FRANKFORT, Ky. (WOWK) — Kentucky Gov. Andy Beshear says that as of Monday afternoon, the state’s death toll from the storms has risen to 74, 69 of whom have been identified, and the state has at least 109 Kentuckians still missing.
Beshear says Kentucky State Police ask that those trying to find their missing loved ones report to the office building of His House Ministries at 1250 KY 303 in Mayfield to provide a reference to law enforcement for identification.
The governor’s office says the newly confirmed deaths include one in Franklin County who works at the state’s Capitol Complex.
Michael Dossett, the director of Kentucky Emergency Management, says five tornadoes have been confirmed in Kentucky so far, but the National Weather Service is still conducting its surveys to learn more about the event.
Beshear has declared a state of emergency in the counties impacted.
During the morning update on Monday, Dec. 13, Gracia Szczech with the Federal Emergency Management Agency (FEMA) announced President Joe Biden had made a major declaration that included the eight Kentucky counties of Caldwell, Fulton, Graves, Hopkins, Marshall, Muhlenberg, Taylor, and Warren.
Szczech added FEMA and Kentucky officials will be assessing other counties hit by the storms to get them added into the declaration.
Counties the state is currently asking to be added include Boyle, Breckinridge, Bullitt, Casey, Christian, Edmonson, Grayson, Green, Hardin, Hart, Hickman, Livingston, Logan, Lyon, Marion, Monroe, Ohio, Shelby, Spencer, and Todd counties.
Biden will also visit the state on Wednesday, Dec. 15 as part of a trip through all affected states to survey the damage. His stop in Kentucky will begin at Fort Campbell for a briefing on the damage, then he will go to Mayfield and Dawson Springs.
Individuals and business owners who experienced losses can apply for assistance at DisasterAssistance.gov. The state has also started a relief fund for those impacted. Those who want to donate to that fund can visit TeamWKYReliefFund.ky.gov. The fund has already raised more than $6 million through more than 40,000 donations.
Kentucky First Lady Britainy Beshear also announced the launch of the Western Kentucky Toy Drive to help the families who lost so much in the tornadoes just weeks before Christmas. The state will be accepting donations from Tuesday, Dec. 14 to Saturday, Dec. 18. The drive is collecting items for children from infants to teenagers including toys, books, electronics, and $25 VISA or Mastercard gift cards.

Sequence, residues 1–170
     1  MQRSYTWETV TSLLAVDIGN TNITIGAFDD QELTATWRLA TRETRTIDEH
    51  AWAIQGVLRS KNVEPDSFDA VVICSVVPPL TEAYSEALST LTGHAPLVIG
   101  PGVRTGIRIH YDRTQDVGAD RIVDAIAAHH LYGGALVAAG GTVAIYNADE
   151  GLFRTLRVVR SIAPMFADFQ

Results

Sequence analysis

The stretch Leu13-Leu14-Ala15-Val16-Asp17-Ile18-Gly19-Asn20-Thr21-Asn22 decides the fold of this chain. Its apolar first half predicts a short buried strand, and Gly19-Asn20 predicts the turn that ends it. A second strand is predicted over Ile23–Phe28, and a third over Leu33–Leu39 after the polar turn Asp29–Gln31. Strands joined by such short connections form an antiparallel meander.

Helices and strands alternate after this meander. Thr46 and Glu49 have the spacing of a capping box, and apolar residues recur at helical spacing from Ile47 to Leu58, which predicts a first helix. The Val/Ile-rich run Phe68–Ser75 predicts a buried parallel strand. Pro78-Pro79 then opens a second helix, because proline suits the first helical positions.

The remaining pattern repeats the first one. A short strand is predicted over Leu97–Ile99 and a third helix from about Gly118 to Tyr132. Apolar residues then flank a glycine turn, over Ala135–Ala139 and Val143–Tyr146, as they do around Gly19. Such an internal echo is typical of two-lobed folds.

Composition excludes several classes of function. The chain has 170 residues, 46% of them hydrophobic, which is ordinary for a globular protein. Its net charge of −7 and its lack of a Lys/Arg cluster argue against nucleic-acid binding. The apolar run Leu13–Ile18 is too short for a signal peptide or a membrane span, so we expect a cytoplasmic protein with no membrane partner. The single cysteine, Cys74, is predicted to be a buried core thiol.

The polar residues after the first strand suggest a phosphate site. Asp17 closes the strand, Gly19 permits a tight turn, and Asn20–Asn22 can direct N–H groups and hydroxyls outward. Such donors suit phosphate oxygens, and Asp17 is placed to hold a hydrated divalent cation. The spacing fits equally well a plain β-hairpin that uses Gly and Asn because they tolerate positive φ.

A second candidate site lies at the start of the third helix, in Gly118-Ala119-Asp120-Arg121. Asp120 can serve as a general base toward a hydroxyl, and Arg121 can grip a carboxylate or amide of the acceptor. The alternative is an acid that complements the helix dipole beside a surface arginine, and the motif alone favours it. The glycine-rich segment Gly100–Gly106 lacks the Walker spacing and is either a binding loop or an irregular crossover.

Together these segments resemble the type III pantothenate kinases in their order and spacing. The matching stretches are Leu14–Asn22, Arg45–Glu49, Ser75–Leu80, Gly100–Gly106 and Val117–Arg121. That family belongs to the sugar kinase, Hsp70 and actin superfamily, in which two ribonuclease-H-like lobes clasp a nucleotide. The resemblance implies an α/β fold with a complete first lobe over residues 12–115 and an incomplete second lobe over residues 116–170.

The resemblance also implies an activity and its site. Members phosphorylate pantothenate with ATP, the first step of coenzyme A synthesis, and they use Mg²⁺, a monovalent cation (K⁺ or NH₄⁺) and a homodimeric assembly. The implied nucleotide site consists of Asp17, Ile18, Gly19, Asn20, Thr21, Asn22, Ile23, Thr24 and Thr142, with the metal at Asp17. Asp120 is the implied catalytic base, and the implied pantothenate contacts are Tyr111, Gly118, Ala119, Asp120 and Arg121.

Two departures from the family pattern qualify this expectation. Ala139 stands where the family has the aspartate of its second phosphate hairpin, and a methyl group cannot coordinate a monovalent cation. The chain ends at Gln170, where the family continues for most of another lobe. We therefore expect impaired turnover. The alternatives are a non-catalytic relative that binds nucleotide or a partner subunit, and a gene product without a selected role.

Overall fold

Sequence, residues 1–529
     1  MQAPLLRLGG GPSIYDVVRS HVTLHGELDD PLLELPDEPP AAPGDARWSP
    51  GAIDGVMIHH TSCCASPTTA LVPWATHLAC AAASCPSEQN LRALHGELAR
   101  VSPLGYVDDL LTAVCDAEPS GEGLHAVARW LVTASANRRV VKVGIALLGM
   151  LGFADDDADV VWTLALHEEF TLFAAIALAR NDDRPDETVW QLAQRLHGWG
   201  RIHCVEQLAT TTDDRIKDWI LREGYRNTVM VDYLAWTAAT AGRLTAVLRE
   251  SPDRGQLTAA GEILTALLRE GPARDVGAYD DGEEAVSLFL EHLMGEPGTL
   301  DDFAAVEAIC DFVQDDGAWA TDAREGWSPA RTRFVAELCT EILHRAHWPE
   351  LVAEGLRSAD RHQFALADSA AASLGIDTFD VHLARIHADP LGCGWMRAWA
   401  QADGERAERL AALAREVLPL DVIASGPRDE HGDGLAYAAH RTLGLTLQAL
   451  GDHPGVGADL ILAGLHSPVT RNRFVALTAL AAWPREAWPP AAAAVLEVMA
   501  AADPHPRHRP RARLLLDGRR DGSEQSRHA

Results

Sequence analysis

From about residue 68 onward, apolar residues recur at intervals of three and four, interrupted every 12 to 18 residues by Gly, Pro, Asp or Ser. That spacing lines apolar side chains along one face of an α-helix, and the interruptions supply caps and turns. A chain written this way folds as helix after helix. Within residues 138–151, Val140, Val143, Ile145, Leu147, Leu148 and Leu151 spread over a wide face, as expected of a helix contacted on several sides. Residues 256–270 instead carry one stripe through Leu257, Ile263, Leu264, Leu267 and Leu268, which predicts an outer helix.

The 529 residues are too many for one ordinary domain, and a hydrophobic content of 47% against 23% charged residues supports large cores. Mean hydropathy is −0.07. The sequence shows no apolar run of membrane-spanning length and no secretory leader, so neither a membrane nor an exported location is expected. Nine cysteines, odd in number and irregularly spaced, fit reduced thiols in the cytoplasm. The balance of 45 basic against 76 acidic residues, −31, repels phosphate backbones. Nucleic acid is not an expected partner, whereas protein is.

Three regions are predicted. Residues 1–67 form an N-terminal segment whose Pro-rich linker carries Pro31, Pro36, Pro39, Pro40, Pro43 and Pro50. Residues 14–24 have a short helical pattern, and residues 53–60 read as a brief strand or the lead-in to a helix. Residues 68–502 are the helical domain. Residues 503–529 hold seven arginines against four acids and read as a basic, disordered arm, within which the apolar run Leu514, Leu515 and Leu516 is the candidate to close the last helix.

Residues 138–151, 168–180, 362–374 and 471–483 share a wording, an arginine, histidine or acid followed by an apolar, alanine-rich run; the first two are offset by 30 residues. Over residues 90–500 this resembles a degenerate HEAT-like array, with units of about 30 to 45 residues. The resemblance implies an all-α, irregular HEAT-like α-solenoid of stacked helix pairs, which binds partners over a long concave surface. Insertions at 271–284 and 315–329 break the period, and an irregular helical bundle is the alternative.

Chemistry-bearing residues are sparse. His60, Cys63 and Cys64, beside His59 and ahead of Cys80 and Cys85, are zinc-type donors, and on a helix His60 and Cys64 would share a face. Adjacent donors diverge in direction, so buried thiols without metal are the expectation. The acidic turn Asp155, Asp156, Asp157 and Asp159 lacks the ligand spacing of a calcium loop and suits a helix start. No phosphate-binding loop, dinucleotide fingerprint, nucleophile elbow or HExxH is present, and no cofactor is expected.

All items donated must be unwrapped, but Kentuckians can also donate wrapping materials such as paper and bows along with their items. The first lady says multiple law enforcement agencies will be accepting the donations. This toy drive is not accepting clothing items at this time.
For more information on the drive, visit the governor and first lady’s websites.
Beshear urges Kentuckians to document everything they possibly can before cleaning up because the documentation will be important for applying for assistance. He also asks people to be careful and stay safe while trying to clean up their homes and neighborhood, especially around downed powerlines.
The areas hit are heavily damaged, with many services for internet, cell phones, etc. knocked out. The governor says the night the tornadoes hit, it took him eight hours to get in contact with a relative in the Dawson Springs area to make sure she was safe.
The governor says 94 of the 110 employees from the Mayfield Candle Factory are alive and accounted for as of Monday. Eight employees have been confirmed dead and eight more are still missing.
Beshear also says the state is asking the factory employees to visit His House Ministries or call 888-880-8620 to verify they are safe and accounted for, but since the number is only for the employees, Beshear asks that others do not call asking for updates.
The governor has directed flags on state office buildings to be lowered to half-staff for one week, beginning at sunrise Tuesday until Monday, Dec. 20 to honor the lives lost and those who were impacted by the tornado events.